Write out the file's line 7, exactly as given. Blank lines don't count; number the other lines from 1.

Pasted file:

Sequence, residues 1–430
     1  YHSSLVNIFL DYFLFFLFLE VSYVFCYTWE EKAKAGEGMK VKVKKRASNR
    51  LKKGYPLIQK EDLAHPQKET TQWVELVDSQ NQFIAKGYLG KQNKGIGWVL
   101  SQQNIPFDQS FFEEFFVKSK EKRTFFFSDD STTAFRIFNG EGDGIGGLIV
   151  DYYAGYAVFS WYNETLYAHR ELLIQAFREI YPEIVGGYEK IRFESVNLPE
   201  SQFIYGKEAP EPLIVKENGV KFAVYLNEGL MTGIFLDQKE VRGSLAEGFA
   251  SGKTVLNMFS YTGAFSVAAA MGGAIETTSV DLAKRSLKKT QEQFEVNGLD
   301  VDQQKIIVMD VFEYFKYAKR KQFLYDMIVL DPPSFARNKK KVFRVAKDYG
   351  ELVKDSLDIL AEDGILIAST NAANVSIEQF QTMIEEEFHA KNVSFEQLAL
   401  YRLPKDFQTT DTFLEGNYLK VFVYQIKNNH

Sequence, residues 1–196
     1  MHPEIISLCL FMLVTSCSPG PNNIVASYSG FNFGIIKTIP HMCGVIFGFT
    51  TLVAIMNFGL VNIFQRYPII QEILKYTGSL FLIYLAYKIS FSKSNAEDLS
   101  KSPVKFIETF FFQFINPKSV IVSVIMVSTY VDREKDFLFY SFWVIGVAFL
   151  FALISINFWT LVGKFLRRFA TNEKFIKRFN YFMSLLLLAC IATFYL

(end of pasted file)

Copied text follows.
   251  SGKTVLNMFS YTGAFSVAAA MGGAIETTSV DLAKRSLKKT QEQFEVNGLD